Playing is not, and never was, a game, baby. What with frisking dollies, running around, jumping about randomly, and the ultimate challenge: finding recreation in any and every object you can lay your hands on. For the first time in Africa, the exhibition targeted at the young ones and that has very prominent features of play is on display at the National Gallery.
The Astrid Lindgren Lives On exhibition organised by the Swedish Institute, the Embassy of Sweden and the Botswana National Museum, highlights the life and works of Sweden’s famous and influential author of children’s literature; everyone who deals with children is encouraged to visit.
In 2003, the Swedish Institute introduced a project in Sweden that was meant to highlight Swedish children’s culture and children’s rights issues. Astrid Lindgren, who would have turned 100 this year had she been alive, was considered a good starting point as her literature gave child characters, most popular being Pippi Longstockings, truth and life.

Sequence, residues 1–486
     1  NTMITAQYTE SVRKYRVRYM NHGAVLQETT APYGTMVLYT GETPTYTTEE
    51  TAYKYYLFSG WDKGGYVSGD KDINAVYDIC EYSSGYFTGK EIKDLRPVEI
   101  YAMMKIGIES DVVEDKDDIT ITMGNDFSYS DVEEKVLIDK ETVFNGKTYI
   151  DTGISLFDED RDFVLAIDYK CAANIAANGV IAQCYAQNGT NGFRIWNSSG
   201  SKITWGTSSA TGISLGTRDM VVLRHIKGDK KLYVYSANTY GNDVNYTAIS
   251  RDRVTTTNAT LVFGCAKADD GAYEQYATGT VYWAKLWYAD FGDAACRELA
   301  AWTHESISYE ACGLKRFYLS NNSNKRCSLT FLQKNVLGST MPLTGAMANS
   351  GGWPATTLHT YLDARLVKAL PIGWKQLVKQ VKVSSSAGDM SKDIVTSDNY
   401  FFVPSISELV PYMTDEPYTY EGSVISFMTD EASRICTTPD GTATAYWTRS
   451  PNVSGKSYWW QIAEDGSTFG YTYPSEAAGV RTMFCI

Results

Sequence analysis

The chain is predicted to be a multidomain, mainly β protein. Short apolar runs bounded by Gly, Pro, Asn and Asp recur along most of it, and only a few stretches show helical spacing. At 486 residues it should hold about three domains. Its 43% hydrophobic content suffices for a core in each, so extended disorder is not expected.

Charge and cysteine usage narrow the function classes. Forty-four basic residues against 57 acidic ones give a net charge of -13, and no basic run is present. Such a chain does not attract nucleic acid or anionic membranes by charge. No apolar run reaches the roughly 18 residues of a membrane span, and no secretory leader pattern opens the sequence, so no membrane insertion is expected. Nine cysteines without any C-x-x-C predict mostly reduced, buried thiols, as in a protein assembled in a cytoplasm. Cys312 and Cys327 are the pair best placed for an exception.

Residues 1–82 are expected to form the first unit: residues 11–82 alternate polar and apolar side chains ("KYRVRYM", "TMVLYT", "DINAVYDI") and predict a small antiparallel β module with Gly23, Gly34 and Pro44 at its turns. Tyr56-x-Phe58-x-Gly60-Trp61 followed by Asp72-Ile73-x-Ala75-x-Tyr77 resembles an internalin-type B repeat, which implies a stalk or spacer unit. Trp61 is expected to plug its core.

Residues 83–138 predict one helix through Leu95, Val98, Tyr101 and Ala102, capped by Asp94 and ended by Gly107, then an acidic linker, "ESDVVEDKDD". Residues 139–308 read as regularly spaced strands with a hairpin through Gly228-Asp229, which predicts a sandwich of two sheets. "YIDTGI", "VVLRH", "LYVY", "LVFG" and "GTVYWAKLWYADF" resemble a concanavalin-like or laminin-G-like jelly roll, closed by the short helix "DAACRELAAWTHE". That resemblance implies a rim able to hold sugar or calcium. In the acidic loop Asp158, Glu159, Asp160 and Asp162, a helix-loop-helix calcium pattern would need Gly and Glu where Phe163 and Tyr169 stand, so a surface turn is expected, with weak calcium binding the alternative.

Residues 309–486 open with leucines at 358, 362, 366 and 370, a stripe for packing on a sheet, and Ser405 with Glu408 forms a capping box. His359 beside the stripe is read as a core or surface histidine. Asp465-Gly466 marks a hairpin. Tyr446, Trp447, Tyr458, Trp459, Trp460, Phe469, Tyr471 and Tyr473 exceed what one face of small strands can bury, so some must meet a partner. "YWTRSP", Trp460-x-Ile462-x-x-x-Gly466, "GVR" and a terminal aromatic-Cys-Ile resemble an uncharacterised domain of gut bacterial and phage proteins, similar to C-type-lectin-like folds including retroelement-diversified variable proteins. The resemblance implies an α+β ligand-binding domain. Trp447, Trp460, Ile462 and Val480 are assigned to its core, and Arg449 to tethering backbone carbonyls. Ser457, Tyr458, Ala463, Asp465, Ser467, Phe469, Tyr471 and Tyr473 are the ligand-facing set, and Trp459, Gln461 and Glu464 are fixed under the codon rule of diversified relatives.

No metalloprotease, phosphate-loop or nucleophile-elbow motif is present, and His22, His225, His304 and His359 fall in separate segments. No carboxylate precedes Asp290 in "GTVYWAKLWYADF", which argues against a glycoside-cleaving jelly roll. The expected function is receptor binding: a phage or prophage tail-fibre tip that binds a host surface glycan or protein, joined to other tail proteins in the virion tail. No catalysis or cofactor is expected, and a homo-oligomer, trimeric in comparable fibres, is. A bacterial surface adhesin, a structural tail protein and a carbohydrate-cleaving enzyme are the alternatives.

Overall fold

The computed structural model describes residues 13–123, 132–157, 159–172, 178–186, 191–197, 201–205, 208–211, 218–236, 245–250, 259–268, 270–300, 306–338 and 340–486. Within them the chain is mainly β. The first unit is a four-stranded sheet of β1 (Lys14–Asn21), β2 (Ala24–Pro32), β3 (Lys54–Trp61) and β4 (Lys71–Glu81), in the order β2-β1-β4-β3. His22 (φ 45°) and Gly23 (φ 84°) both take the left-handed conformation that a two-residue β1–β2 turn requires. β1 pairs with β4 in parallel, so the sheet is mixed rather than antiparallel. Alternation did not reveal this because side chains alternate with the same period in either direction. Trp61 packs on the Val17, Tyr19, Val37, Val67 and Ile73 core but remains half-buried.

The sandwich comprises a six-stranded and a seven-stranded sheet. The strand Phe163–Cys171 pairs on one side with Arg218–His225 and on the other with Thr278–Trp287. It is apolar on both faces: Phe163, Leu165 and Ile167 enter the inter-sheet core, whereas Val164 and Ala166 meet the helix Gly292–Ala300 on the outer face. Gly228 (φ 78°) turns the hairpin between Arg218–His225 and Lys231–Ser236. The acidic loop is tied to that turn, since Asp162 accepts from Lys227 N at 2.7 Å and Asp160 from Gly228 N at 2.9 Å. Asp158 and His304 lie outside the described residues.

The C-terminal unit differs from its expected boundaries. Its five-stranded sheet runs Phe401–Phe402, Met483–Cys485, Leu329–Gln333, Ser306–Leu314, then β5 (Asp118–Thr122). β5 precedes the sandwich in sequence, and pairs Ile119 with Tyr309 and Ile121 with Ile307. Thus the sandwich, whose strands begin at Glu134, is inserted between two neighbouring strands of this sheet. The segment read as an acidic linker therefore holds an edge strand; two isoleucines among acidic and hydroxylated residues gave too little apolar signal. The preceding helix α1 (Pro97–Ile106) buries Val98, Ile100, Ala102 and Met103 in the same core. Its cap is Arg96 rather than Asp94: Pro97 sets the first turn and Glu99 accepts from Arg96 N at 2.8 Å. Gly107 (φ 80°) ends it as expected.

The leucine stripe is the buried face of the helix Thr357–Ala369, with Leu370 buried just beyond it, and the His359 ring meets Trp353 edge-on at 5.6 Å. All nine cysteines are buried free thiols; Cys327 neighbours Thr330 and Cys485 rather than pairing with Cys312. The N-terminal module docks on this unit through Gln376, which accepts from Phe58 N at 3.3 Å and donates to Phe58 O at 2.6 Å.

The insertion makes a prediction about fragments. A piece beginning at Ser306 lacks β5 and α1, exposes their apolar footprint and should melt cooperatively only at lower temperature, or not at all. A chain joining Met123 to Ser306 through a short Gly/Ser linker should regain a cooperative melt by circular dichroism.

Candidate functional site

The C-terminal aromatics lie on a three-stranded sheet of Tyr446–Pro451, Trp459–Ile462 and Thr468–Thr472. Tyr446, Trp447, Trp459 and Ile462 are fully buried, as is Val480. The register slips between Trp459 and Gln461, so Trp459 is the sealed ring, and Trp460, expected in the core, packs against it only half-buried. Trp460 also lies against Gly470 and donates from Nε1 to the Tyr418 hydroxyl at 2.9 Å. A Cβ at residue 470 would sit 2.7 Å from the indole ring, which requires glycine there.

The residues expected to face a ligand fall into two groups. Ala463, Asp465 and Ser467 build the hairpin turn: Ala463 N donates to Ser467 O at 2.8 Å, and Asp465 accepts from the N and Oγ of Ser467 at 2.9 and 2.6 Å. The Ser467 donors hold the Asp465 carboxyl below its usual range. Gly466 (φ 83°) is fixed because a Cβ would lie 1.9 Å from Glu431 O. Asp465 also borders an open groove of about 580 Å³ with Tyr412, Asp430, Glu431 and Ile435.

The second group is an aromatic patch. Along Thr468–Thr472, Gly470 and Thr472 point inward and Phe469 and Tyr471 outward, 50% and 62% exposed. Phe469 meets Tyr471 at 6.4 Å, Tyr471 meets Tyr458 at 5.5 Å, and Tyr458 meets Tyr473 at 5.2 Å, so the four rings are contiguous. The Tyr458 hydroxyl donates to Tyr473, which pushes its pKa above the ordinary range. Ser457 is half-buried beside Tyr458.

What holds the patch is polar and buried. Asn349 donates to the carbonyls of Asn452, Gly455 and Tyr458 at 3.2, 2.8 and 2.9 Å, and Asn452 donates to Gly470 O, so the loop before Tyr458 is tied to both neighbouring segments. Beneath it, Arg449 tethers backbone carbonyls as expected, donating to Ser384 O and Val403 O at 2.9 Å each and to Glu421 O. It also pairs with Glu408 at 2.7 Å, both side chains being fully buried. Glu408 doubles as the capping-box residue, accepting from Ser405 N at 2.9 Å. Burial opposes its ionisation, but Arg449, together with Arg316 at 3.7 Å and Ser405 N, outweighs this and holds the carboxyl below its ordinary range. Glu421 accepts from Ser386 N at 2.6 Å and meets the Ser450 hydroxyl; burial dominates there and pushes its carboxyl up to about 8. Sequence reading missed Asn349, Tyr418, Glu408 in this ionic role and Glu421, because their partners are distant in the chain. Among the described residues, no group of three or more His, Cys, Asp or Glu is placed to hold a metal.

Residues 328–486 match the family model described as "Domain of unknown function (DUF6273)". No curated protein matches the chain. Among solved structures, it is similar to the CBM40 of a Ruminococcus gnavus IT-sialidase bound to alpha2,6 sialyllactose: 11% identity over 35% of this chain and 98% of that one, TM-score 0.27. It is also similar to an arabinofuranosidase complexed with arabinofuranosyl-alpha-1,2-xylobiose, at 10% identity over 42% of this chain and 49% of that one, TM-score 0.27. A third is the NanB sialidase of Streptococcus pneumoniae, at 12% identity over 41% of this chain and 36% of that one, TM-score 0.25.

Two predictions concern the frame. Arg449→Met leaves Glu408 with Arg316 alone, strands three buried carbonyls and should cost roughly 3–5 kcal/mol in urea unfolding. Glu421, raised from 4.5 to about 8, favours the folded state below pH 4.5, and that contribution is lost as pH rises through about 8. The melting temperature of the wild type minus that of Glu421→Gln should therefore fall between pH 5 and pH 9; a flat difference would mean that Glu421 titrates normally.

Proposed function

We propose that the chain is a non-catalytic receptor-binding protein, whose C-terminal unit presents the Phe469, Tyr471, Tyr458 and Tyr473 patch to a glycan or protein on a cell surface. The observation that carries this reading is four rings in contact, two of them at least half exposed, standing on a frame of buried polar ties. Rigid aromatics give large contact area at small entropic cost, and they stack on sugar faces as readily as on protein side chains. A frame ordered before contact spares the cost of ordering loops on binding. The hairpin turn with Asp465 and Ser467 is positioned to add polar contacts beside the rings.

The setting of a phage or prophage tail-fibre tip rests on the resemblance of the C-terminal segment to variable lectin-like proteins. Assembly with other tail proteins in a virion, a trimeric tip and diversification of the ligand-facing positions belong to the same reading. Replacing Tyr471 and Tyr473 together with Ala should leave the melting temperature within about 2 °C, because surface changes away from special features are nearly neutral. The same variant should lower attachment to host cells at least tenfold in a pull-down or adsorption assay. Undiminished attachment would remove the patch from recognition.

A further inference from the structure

The author’s books are approved in Sweden pre-school curriculum, which encourages the right to play, adventure and fantasy. A large-scale presentation titled “Play! ÔÇô a serious exhibition”, which though intended to advocate for the children’s right to play also highlighted the violation of other children’s rights.
The project was officially launched in Moscow in 2004 and has toured Europe and Botswana is the first African country to host the children’s rights inclined exhibition. Colourful cushions are strewn on the floor for children to sit on while they read Lindgren’s books and play with puzzles. The exhibition closes on the 19th of January next year.